By Joy Scott, Am Haskalah Congregant
In last week’s Torah Parsha (DEVARIM), we heard the words of Moses as he explained to the Children of Israel the sins and transgressions committed by their forefathers, with the consequence that God banned them from entering the ‘Promised Land’. He also told them the reason he believed the he, also, would not live to cross the Jordan with this new generation of Israelites.
In this week’s Torah Parsha (VETCHANAN), Moses begins his speech in a peculiar and unexpected manner: “I pleaded with the Eternal at that time, saying…O Eternal God, You who let me, Your servant see the first works of Your Greatness; Your mighty hand; You, whose powerful deeds no God in heaven or earth can equal; let me, I pray, cross over and see the good land on the other side of the Jordan” (1).
We may wonder how Moses’ final words were received by this young, eager generation. Did they find it incongruous that Moses, the greatest man they have ever known, the man who stands before them and exhorts them about ‘right’ and ‘wrong’, ‘sin’ and ‘punishment’, will himself be prohibited from entering the Land? Were they, perhaps, intimidated by the knowledge that even Moses was unable to adhere to God’s standards?
Apparently, Moses was sensitive to these unspoken doubts and rumination and immediately reverted to his role as a teacher and inspiration. He tells the Children of Israel: “Ask now about the former days, long before your time; has any group of people, aside from your ancestors, heard the voice of God, and did not die?; has any God tried to take for Himself, one nation out of another, by miracles, signs and wonders; by war; by a mighty Hand and an outstretched Arm; or, by great and awesome deeds, as He did for you in Egypt” (2).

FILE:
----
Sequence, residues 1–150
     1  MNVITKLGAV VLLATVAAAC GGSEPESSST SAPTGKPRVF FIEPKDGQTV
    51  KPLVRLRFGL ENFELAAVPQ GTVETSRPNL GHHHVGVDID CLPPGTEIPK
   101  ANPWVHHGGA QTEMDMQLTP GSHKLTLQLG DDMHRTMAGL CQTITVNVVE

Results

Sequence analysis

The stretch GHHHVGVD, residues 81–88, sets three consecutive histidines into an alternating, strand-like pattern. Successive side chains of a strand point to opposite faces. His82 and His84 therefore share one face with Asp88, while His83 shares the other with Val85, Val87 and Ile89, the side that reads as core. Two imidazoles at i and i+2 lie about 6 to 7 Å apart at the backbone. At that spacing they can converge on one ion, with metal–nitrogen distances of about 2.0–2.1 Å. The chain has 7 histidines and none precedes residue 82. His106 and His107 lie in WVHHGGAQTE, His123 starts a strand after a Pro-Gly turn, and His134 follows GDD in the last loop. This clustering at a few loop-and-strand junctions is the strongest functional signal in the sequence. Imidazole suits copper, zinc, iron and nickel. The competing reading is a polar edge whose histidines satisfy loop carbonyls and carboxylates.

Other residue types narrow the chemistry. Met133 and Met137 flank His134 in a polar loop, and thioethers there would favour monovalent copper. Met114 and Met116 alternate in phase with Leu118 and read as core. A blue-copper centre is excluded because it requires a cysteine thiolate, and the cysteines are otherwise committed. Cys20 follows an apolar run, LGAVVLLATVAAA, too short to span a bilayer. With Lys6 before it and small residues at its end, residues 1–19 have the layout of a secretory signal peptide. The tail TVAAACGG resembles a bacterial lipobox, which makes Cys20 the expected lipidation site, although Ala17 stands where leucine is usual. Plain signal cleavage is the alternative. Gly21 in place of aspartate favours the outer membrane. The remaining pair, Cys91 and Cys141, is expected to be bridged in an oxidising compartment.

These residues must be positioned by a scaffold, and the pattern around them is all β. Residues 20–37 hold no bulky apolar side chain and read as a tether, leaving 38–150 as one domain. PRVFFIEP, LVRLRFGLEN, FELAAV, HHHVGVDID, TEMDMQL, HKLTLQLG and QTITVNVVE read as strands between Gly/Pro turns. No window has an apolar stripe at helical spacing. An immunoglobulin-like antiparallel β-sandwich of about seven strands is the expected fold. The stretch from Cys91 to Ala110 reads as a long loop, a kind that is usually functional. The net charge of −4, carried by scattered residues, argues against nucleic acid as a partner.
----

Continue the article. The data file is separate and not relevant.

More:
“But the Lord, Your God, Himself brought you out, as if you were an iron crucible” (3). Rashi explains that the reference to an ‘iron crucible’ signifies that the Israelites were like gold (4).
Moses’ primary concern for this generation, once they crossed into the ‘Promised Land’, was the temptation to practice idolatry. Canaan would be a relatively small nation, surrounded by other much larger nations, who believed in multiple gods. Although these idolaters typically attributed any military success to their deities, none of these nations perceived their gods as their sovereign, legislators, or law-givers. Instead, it was typically the kings who defined society’s rules.
It was incumbent upon Moses to stress that the laws, the justice system and the moral code of society for the Israelites were commandments of God. “See, here I have taught you decrees and laws, as the Lord, my God commanded me…..observe them carefully, for this is your wisdom and understanding in the eyes of all the other nations; they will learn about these laws, and consider this great nation as wise and superior in its understanding of justice” (5). Further, Moses spoke of the dire punishment for any individual who deviated from the worship of the One and Only God.
Moses then proceeded with a recitation of the Ten Commandments and the verses of the Shema. He emphasized the preeminence of the Shema as words which bring us closer to God’s infinity, with a reality which is so much greater than our passing human existence. Moses affirmed that when reciting the Shema we cover our eyes, averting our gaze from an experience which is so intense.
(1) DEUTERONOMY (3:23-3:25)
(2) DEUTERONOMY (4:7-8)
(3) DEUTERONOMY (4:20)
(4) Rashi on DEUTERONOMY
(5) DEUTERONOMY (4:5-6)